The first camera Nayar, Cossairt and their team at the Computer Vision Laboratory (part of Columbia Engineering School's Computer Science Department) created is a single-element, monocentric camera that uses a pan/tilt motor to sequentially scan a single sensor to emulate an array of tiled sensors. The second camera is a system that actually uses an array of five sensors arranged side-by-side that produces a contiguous field-of-view (FOV). In the second system the packaging around each sensor leaves some space between them. To account for this, the researchers added five secondary relay lenses placed between the spherical lens and the sensors. This configuration enables each sensor's FOV to overlap slightly so that there are no gaps in data that might distort the final image.
The third design attaches the secondary relay lenses directly to half of the ball-shaped lens (giving it a bumpy rather than a smooth look) and includes a large number of small sensors around that half of the lens. These sensors could be attached to the inside of a spherical half shell slightly larger than the lens itself. The spherical lens would then be positioned inside the half shell so that each sensor would be coupled with a relay lens. Any images viewed by the smooth part of the lens would be captured by the sensors inside the half shell.
"We want to show there is a path to getting to gigapixel cameras, video or still, using the form factor and the weight and the cost of something that would be a camera today," Nayar says. "It was deemed in the past that you could not do that without building a really complex system. What we are saying is that by using computations and simple systems, you can do it."
Athale acknowledges the potential of the work being done by Nayar, Cossairt and their team, saying, "Computational photography is crucial to providing 'persistent wide-area surveillance.'"
Other single snapshot approaches
Microsoft Research Asia is one of a handful of other groups experimenting with single-shot gigapixel imaging. Researchers there have since 2007 been developing a prototype they call the dgCam, whose high-power accordion-style lens configuration gives the device the look of an old-time large-format camera. The dgCam, which takes 1.6-gigapixel images and is not expected to be sold commercially, also uses a sensor much larger that those used in Columbia's prototypes. The dgCam, which is not intended to be a compact camera, is designed to help museums archive, manage and research ancient paintings and drawings.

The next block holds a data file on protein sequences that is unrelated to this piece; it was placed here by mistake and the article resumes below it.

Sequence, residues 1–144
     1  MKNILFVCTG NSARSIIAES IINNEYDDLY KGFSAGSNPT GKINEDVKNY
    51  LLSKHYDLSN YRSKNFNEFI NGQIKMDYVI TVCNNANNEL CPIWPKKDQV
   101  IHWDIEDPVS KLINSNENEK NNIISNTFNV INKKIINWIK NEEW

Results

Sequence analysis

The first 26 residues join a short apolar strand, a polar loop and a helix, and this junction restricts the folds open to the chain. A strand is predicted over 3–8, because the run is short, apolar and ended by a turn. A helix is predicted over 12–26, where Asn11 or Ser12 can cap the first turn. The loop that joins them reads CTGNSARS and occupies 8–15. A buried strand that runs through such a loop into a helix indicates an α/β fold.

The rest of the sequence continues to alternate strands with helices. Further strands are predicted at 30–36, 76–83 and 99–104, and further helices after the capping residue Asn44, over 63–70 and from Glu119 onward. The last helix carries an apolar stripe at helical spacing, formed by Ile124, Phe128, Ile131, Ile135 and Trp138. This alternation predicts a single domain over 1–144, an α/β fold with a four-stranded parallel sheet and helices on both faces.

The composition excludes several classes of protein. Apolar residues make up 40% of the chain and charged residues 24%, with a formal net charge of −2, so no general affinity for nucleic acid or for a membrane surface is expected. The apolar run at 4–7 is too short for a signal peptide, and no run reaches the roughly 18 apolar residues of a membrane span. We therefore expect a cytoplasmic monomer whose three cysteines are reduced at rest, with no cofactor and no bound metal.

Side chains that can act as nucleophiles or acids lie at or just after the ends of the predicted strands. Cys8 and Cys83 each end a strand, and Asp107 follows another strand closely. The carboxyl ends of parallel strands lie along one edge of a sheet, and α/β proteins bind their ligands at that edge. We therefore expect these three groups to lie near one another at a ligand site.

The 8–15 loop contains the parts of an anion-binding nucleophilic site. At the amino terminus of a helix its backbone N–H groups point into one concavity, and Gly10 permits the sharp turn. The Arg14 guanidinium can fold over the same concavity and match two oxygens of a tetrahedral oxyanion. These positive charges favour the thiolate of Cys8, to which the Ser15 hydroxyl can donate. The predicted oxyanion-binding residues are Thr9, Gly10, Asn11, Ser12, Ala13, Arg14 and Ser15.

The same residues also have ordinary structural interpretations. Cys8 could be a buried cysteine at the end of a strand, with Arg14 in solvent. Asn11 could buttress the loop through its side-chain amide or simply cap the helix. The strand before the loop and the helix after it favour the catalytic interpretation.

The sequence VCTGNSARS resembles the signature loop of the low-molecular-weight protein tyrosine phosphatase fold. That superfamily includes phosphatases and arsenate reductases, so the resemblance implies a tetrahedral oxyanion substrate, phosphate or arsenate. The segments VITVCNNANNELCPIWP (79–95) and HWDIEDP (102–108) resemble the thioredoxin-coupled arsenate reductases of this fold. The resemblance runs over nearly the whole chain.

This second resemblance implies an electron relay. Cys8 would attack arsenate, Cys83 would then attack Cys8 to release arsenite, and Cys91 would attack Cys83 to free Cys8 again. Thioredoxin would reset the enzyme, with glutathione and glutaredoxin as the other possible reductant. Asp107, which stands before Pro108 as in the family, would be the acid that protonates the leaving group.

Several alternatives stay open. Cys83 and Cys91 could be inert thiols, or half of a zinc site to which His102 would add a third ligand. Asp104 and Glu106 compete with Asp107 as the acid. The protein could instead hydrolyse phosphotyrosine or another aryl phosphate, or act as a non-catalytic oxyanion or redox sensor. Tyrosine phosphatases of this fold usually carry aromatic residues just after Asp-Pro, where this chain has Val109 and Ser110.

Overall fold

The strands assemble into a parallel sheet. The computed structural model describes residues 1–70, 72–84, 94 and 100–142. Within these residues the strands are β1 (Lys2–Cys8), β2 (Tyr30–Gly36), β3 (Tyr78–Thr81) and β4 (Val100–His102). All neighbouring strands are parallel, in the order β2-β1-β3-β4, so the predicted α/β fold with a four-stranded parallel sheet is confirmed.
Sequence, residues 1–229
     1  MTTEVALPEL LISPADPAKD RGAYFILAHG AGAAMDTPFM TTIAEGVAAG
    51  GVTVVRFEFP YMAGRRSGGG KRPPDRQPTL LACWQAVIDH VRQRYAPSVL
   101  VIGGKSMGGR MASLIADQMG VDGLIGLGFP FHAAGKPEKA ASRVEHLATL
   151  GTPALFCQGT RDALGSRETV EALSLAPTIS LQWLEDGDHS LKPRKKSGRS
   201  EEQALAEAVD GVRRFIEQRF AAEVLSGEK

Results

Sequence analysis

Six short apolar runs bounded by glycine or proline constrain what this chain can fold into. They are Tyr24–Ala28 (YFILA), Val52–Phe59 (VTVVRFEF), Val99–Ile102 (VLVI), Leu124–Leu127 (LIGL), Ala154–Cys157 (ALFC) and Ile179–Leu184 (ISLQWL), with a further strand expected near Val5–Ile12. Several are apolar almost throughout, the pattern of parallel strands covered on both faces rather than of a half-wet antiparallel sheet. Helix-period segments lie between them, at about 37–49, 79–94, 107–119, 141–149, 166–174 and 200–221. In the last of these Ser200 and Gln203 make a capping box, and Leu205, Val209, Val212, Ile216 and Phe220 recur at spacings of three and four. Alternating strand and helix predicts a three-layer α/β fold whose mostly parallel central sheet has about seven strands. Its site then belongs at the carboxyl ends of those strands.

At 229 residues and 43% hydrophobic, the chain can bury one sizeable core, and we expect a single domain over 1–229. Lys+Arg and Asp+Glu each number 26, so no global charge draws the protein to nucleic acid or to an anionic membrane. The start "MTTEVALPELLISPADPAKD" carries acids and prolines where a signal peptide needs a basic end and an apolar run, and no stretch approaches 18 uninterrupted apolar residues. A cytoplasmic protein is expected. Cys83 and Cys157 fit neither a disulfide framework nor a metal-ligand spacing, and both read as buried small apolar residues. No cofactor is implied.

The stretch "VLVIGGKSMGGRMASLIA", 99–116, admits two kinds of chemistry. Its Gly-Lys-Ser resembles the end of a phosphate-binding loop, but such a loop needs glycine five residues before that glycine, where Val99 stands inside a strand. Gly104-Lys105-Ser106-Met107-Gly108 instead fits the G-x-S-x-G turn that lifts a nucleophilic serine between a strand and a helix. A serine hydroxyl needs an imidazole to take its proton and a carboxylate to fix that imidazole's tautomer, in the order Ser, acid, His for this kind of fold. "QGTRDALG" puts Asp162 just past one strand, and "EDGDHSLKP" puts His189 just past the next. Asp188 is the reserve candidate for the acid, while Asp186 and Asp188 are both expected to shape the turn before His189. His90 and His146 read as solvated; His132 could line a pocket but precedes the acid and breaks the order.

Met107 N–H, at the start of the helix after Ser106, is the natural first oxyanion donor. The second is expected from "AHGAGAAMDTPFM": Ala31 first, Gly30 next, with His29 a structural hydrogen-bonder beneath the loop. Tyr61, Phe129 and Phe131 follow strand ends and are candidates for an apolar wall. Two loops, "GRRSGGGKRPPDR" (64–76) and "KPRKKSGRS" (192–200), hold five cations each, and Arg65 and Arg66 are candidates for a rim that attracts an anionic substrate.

Large-format cameras—which in their early days required the use of large photographic plates and films and now rely on sensors much larger than those used by the Columbia researchers—are well-suited for taking detailed pictures of small objects, says Moshe Ben-Ezra, a researcher in Microsoft Research Asia's visual computing group who designed and built the dgCam. "The lens does not move during image capture, which is essential for archival quality imaging of any object that is not entirely flat," he says. The dgCam scans images and, like the Columbia project, uses computational algorithms to capture information about those images.
Another large-format approach to taking gigapixel snapshots is the Gigapixl Project, which physicist Graham Flint formed about a decade ago. Gigapixl's camera uses 23-by-46-centimeter film—the same used in military spy planes such as the U-2, to capture images—which is then scanned and digitized to create images up to four gigapixels in size.
Gigapixel digital imagery is still in its infancy but demand for it will grow quickly as the technology develops. "In 1999, megapixel cameras were a dream," says Christopher Hills, a security consultant with Securitas Security Services who also runs the site gigapixel360.com. Now high-end digital cameras can take 25-megapixel images. "I absolutely believe it's going to be the next big step in the evolution of surveillance and video," he adds. "The world is always going to move toward bigger, faster, less expensive pictures and video."
Slide Show: Columbia Researchers' Prototype and Conceptual Gigapixel Cameras